Egypt’s Banking Experts Warn Of Imposing More Taxes On Loans

Many banking experts have shown disagreement with the Shura Council which suggests the amendment of article no. 57 which regulates the taxes on loans and credit facilities.

The Shura Council suggests that article no. 57 shall be amended as follows: “a proportional tax shall be due at the rate of four per thousand on the balances of credit facilities, loans, advances and any other financing form provided by banks during the financial year. The bank is obliged to pay the taxes within seven days at most after the end of each quarter. The bank and the customer shall bear the tax on a 50-50 basis.”

The ambiguous phrase which says ”any other financing form provided by banks” means that taxes will be levied on the letters of credit and guarantee as well as any other banking service which were earlier exempt from taxes, experts say. The article also means that taxes on loans will be doubled from 0.002% to 0.004%, they added.

Ahmed Abdel Megid, head of loans department at Arab Investment Bank, affirmed that the Egyptian market will not withstand any other challenge, besides the high interest rate on lending and the market recession.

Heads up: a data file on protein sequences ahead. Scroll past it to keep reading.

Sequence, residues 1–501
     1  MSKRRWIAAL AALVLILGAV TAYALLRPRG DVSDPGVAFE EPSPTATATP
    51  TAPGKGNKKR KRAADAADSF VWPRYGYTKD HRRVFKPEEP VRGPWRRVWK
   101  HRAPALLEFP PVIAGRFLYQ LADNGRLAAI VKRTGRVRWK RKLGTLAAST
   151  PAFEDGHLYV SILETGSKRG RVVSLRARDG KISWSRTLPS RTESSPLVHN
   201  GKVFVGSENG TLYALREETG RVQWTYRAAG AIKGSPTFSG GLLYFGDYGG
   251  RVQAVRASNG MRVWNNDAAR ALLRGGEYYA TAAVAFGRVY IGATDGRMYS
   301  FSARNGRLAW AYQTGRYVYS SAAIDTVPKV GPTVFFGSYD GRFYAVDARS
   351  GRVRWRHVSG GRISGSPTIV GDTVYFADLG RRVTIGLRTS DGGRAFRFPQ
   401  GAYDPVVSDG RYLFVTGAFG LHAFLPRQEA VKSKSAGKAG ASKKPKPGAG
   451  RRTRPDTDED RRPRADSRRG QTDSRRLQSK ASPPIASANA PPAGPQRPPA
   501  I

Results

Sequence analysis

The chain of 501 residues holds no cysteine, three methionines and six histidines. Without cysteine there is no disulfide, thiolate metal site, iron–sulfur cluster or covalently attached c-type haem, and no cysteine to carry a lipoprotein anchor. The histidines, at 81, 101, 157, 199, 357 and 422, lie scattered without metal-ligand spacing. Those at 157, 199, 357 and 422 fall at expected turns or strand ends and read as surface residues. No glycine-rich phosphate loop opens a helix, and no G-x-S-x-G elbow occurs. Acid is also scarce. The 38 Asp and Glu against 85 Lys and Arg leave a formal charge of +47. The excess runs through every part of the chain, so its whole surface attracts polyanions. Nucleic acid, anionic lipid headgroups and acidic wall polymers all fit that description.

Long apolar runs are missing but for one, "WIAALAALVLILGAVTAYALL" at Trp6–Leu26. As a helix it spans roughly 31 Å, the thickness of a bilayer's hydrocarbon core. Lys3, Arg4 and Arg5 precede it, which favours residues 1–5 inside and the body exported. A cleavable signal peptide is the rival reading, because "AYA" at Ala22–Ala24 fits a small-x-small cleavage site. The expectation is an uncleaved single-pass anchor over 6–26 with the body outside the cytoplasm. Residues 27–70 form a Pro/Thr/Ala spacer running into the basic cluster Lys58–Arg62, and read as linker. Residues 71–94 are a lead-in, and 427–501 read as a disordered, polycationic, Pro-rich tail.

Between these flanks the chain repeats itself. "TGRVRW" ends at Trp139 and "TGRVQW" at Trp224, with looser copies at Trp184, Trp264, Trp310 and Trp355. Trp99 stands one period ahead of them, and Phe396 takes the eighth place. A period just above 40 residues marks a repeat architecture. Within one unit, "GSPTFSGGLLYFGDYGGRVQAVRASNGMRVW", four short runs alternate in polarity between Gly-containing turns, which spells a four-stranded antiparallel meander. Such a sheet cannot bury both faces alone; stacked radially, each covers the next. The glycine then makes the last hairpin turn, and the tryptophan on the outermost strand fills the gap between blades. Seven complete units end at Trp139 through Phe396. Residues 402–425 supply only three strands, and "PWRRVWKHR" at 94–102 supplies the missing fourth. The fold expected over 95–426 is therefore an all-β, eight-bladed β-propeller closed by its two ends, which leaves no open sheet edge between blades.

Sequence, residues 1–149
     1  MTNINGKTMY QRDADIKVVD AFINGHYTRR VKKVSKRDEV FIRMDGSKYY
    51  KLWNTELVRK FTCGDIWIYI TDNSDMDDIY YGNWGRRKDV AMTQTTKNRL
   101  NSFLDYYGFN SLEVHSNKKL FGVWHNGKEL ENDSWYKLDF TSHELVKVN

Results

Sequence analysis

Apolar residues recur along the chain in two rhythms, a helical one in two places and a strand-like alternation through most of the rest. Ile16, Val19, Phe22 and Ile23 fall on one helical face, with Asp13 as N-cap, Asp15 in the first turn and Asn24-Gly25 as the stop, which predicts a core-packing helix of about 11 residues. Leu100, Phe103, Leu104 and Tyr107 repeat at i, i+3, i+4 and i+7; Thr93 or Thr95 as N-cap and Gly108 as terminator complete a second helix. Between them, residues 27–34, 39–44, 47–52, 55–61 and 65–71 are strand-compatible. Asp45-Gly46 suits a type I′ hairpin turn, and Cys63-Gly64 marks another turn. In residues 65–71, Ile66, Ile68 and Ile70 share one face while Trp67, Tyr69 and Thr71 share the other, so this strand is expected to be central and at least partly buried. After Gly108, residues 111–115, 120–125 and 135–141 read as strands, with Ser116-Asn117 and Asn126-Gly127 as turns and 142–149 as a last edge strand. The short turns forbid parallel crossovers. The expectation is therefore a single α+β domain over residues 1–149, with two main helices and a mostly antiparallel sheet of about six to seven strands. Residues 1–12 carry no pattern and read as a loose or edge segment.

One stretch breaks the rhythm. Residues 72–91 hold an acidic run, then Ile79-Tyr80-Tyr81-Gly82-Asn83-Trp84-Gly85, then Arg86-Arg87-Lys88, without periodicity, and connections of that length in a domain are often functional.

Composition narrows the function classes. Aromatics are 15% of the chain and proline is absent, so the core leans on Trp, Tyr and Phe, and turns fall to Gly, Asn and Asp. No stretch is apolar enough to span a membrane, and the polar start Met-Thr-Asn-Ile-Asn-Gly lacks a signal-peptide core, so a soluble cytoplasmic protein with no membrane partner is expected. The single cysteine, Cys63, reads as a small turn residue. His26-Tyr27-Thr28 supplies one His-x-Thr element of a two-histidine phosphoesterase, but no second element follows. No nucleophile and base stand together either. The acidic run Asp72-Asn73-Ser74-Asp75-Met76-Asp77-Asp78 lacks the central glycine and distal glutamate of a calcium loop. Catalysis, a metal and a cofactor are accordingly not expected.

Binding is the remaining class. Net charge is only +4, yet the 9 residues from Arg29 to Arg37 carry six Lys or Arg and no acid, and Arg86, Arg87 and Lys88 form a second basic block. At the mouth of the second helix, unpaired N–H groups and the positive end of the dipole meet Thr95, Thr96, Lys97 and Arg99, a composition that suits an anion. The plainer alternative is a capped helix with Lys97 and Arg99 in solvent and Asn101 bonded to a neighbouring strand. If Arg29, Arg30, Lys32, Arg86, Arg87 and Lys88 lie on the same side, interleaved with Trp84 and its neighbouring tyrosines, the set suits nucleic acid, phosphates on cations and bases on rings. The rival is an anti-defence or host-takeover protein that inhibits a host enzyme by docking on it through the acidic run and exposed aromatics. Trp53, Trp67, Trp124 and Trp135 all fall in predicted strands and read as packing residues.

Egypt has to implement mechanisms to attract investors to the market which suffers from dollar liquidity shortage and low loan-to-deposit ratios, instead of imposing new taxes on loans, Abdel Megid added.

Osama Abdel Khalek, member of the board of directors of the Egyptian Society for Public Finance and Taxes, stated that this amendment means that the stamp tax on loans and credit facilities provided by banks will be raised to 0.004% annually, up from 0.002% as stated in the law no. 143 of 2006. This will greatly dampen the demand for borrowing from banks, he warned.

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